The role of touch in managing psychiatric patients is controversial. The purpose of this pilot study was to determine the effectiveness of osteopathic manipulative treatment (OMT) in patients with anxiety and or depression.
This was an 8-week pilot study comparing a treatment to a control group, each consisting of 10 randomly assigned adult participants with anxiety and or depression on psychotropics. No significant difference existed between groups for age or severity of disease. Participant responses for anxiety and depression were recorded weekly via a modified Generalized Anxiety Disorder 7 item (GAD-7) and Harvard National Depression Screening Day (HANDS) scales. From the initial cohort (n=20) a complete database was achieved for 16 of the patients. Statistical analysis was performed using RStudio.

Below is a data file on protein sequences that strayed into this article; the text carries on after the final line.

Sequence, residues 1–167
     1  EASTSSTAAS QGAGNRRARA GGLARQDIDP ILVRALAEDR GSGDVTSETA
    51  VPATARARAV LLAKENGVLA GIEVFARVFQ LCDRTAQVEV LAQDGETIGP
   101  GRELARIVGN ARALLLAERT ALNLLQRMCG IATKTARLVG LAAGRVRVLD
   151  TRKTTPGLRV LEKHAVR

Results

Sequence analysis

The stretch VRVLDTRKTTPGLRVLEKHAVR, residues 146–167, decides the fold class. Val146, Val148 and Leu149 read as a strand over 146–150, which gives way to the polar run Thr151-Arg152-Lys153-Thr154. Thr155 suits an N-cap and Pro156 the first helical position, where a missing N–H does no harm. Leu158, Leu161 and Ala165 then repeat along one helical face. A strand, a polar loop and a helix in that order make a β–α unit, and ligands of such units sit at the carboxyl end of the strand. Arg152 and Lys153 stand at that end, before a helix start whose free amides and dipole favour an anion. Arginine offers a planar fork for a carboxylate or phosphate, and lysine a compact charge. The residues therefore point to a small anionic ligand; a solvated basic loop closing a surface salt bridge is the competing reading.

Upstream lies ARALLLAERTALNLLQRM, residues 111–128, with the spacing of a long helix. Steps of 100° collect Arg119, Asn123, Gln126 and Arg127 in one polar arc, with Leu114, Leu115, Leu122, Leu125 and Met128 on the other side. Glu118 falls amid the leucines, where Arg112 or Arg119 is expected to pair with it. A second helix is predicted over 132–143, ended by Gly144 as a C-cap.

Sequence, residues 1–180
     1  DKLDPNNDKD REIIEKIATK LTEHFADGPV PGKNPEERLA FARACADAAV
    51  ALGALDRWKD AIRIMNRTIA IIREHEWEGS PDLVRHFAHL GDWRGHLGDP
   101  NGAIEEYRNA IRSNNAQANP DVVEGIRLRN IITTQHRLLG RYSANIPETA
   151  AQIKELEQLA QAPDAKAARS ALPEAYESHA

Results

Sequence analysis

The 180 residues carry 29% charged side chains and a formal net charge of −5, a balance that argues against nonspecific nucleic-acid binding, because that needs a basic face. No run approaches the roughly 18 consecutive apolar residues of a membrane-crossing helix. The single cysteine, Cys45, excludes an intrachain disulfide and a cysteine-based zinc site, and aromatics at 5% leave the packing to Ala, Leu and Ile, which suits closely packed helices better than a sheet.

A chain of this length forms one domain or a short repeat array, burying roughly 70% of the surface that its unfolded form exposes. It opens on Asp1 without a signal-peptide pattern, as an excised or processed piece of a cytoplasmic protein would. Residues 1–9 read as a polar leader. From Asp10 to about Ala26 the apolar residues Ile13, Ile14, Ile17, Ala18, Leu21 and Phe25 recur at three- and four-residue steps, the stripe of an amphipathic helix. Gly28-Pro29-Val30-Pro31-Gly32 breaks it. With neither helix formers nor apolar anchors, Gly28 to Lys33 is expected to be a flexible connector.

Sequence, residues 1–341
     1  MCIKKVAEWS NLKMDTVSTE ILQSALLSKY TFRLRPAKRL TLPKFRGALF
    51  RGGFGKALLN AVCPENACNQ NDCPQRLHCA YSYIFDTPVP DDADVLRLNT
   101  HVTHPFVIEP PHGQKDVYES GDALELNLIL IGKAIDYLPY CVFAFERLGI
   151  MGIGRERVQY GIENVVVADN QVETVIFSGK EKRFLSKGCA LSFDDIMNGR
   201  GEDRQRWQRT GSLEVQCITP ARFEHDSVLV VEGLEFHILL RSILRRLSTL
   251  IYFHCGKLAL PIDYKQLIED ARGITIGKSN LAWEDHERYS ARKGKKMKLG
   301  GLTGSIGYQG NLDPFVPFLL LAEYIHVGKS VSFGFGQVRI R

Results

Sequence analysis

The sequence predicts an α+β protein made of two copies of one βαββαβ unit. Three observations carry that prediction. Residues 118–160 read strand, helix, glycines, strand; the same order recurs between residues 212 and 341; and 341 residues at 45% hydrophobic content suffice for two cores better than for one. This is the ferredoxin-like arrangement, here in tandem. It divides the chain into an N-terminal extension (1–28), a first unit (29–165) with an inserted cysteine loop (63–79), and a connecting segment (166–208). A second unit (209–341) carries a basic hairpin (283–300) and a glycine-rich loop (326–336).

Of the 16 patients who successfully participated in the study, 6 received OMT, and 10 were part of the control group. For statistical purposes, the data gathered from both groups were subdivided into two categories: depression and anxiety subgroups. The depression treatment group had a week 1 mean of 24.4 ± 11.2 (n=5) with a paired t-test showing significance at week 7 of 18.0 ± 10.9 (n=5), P = .00767 and week 8 of 15.2 ± 12.5 (n=5), P = .041.The anxiety treatment group had a week 1 mean of 26.0 ± 8.7 (n=5) with paired t-test significant at week 7 of 20.2 ± 10.7 (n=5), P = .019 and week 8 of 19.2 ± 11.1 (n=5), P = .00815.All patients in the treatment group showed significant improvements in their anxiety and depression levels compared to those in the control group, which worsened by week 8.
Findings in this study indicate that OMT may be an effective adjunctive treatment modality for depression and anxiety.